The Surrender at Világos, which was the formal end of the Hungarian Revolution of 1848, took place on 13 August 1849, at Világos, (now Șiria, Romania). The terms were signed by Hungarian General Artúr Görgey on the rebels' side and Count Theodor von Rüdiger of the Russian Imperial Army. Following the capitulation, General Julius Jacob von Haynau was appointed Imperial plenipotentiary in the country and brutally re-subjugated it.
Russian intervention in the revolutionEdit
After the Russians intervened in the conflict, it was only a matter of time before the Hungarians were defeated, as the Austro-Russians now had far greater military strength. The deciding point came at the Battle of Temesvár, which ended in a decisive Austrian victory, after which the Hungarians' choices essentially amounted to surrender or annihilation. On 21 July, Cavalry Captain Katlaroff and Count Theodor von Rüdiger delivered an offer from Russian General Chruloff to Görgey, who was at Rimaszombat (now Rimavská Sobota, Slovakia); the offer included total freedom for Hungarian officers and men.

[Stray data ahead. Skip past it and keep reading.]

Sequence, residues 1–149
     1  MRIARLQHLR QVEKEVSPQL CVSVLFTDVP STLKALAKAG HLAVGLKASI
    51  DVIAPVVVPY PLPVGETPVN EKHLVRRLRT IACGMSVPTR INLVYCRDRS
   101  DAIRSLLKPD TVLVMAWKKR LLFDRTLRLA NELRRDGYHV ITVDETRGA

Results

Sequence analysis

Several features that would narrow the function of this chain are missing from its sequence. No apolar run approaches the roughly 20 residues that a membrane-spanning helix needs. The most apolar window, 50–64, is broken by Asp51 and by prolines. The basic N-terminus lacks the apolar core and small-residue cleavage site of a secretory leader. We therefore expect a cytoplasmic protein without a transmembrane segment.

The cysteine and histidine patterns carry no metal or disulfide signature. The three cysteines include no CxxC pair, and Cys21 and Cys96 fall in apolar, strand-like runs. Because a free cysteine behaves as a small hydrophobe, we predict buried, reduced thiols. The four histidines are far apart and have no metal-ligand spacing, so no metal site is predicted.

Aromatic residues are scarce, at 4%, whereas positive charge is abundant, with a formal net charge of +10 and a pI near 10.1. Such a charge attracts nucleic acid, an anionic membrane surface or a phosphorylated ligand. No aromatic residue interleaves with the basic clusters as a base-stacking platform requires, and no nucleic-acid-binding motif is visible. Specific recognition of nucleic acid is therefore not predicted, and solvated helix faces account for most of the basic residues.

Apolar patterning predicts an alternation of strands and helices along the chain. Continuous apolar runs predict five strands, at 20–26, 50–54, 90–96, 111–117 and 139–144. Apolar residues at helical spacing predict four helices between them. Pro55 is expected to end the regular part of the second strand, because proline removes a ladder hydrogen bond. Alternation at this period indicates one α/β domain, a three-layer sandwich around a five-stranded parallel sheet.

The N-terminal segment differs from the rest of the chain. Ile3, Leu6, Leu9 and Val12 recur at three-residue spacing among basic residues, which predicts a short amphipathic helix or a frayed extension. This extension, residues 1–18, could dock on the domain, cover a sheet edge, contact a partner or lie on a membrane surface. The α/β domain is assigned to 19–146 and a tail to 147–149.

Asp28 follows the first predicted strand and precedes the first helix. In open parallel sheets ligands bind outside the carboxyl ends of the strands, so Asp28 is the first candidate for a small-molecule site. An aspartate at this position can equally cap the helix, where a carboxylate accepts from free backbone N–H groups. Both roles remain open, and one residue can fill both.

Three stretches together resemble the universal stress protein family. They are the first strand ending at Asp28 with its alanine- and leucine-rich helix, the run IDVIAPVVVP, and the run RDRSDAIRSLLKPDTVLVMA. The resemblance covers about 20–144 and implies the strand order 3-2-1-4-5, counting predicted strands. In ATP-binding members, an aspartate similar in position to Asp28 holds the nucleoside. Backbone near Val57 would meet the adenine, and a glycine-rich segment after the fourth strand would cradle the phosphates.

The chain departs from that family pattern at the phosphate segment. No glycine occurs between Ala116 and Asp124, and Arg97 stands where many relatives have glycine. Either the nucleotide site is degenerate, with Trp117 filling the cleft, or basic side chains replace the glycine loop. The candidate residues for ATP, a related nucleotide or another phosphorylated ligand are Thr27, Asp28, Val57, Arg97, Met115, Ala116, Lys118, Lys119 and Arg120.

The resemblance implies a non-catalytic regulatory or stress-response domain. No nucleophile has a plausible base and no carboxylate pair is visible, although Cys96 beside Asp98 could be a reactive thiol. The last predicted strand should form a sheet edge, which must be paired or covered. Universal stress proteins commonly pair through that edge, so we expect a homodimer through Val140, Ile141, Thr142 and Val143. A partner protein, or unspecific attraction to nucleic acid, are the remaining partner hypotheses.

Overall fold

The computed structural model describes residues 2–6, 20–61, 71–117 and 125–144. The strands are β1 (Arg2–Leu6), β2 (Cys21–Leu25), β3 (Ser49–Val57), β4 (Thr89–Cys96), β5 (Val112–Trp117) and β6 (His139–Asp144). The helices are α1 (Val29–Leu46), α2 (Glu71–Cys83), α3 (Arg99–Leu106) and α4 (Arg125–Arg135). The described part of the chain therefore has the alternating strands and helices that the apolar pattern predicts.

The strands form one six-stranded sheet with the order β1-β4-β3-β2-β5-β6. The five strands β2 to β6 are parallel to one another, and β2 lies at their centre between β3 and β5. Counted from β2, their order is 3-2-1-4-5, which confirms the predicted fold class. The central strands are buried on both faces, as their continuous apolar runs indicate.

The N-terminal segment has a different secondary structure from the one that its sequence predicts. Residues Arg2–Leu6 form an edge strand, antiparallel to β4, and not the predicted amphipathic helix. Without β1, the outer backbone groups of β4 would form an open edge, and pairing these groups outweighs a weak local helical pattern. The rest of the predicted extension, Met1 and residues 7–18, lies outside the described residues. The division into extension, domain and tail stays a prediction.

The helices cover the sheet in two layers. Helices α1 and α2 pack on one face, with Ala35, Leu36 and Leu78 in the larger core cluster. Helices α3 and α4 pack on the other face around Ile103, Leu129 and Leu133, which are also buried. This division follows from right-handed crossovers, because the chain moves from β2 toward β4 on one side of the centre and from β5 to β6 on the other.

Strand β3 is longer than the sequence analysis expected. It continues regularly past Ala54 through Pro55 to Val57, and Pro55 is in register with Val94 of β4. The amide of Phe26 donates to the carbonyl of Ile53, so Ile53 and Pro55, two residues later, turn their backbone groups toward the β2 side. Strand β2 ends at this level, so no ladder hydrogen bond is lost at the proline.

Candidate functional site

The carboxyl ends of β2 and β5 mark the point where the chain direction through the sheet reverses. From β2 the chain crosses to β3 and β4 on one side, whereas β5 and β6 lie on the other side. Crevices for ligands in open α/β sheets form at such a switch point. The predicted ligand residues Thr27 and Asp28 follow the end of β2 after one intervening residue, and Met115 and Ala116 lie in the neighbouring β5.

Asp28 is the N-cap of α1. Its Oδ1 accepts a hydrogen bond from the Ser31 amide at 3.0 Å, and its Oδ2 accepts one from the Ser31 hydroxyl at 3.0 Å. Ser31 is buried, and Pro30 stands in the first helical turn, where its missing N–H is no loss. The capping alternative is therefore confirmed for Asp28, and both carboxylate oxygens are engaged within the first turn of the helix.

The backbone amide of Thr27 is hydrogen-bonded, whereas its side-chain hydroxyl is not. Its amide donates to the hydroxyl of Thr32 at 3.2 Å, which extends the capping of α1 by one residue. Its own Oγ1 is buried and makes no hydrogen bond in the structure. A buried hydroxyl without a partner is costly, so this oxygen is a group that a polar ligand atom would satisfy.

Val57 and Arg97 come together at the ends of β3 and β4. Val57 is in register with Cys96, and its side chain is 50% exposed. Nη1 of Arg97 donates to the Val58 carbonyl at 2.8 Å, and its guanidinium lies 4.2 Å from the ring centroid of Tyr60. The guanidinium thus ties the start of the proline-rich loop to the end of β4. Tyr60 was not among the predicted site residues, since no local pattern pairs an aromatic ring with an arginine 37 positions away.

László Batthyány and another officer delivered Görgey's response to Chruloff, in which Görgey demanded that all Hungarians get freedom, not only those who had served in the conflict. He would also gladly accept if one of the Russian princes would wear the Holy Crown of Hungary (Holy Crown of Saint Stephen).
The Hungarian Army surrendered to Russian General Rüdiger on 13 August 1849. At Bohus Castle, they signed the document of surrender. Görgey tried to show by the terms of the surrender that Hungary had been defeated by Russia, and not by Austria. This proved to be pointless as the Russians simply just handed them over to the Austrian authorities.
After the surrender and despite the Russian Emperor's pleas for clemency, the Austrians engaged in harsh reprisals against Hungary. They sentenced hundreds of soldiers and civilians to death, and imprisoned even more. Prisoners were conscripted into the Austrian Army.
On 6 October 1849, at Arad (today in Romania), the Austrians executed twelve Hungarian generals and one colonel, who are known as the 13 Martyrs of Arad. The same day, they executed Lajos Batthyány, the first Hungarian Prime Minister, by firing squad.
- Hermann, Róbert, ed. (1996). 1848-1849. A szabadságharc és forradalom története [History of the Hungarian Revolution 1848-1849] (in Hungarian). Budapest: Videopont.
- Hermann, Róbert (2001). 1848-1849. A szabadságharc hadtörténete [Military History of the Hungarian Revolution 1848-1849] (in Hungarian). Budapest: Zrínyi.